If we want to see more physical diversity in the fashion industry, less fetishization of uber-thin body types, and a loosening of strict standards of beauty, then we need to give her - and all other women - a break. We've got to stop the intense scrutinization of any and all sizes. When we try to force a model (or ourselves) to fit into precise molds or live up to random expectations, no one wins.
Also, the photos bear no resemblance to what Renn actually looks like. Photographer Nicholas Routzen explained that the photos were "taken from a higher angle with a wider lens," and then he "shaped her." Yes, our old foe excessive retouching was to blame! A reader submitted photographic evidence that proves Renn was drastically Photoshopped. In the end, we all learned some important lessons: Other people's weight fluctuations are none of our business, and we can never, ever, trust any image we see. Looking at fashion photography these days is like staring into a disorienting funhouse mirror.
Huge Challenges Stereotypes, Gets Canceled
This summer, Huge, a groundbreaking show about teens at a weight-loss camp, premiered on ABC Family. It was written by My So-Called Life creator Winnie Holzman and her daughter Savannah Dooley, and starred Nikki Blonsky. While usually overweight actors are limited to playing the sassy best friend on TV, the heavy characters on Huge were treated like people — thus, it was not long for this world. It was canceled in October after its first season.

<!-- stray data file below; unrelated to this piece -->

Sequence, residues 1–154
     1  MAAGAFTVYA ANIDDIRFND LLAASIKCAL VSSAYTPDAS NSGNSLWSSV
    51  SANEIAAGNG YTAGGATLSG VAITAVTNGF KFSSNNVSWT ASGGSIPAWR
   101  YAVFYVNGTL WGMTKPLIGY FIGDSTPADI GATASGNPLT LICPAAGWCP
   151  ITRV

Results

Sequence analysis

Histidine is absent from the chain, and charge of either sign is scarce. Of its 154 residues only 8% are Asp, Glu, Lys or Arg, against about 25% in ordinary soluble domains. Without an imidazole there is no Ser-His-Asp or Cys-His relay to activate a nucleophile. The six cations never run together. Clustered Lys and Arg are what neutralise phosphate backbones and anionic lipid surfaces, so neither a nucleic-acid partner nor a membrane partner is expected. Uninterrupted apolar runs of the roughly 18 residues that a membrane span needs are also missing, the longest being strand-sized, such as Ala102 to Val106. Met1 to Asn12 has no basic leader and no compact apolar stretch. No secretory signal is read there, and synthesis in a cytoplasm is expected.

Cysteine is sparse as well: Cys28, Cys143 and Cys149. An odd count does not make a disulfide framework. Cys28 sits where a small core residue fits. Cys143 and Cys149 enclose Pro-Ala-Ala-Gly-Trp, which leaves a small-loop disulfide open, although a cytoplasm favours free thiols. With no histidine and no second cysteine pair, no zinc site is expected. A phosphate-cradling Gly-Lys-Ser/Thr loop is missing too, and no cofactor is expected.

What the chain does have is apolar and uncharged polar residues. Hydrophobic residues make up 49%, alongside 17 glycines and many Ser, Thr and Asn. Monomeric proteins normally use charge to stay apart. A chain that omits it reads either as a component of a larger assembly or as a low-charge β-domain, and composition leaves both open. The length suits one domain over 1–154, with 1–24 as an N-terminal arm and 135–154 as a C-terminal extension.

From our review of the show's finale:
Whether Huge will return is unclear. But it was an engaging, thoughtful, heartwarming show that should have gotten more attention than it did. The program gave us a chance to talk about weight in a different way from Dance Your Ass Off, The Biggest Loser or More To Love. The characters (based on those in the book Huge by Sasha Paley) were not only painted in a human way, but a humane way. The plotlines didn't just explore weight as something to lose, but the despair, optimism, guilt, awkwardness, parents, siblings and everyday baggage that these overweight people carry as they function in the world.
Though we launched a petition to save the show, it seems it's gone for good.
Marie Claire Blogger Offended By "Fatties" On TV
In response to Mike and Molly, another show about overweight people, Marie Claire blogger Maura Kelly wrote a post titled "Should 'Fatties' Get A Room? (Even On TV?)" She said:
No one who is as fat as Mike and Molly can be healthy. And obesity is costing our country far more in terms of all the related health problems we are paying for, by way of our insurance, than any other health problem, even cancer.
So anyway, yes, I think I'd be grossed out if I had to watch two characters with rolls and rolls of fat kissing each other ... because I'd be grossed out if I had to watch them doing anything. To be brutally honest, even in real life, I find it aesthetically displeasing to watch a very, very fat person simply walk across a room - just like I'd find it distressing if I saw a very drunk person stumbling across a bar or a heroine addict slumping in a chair.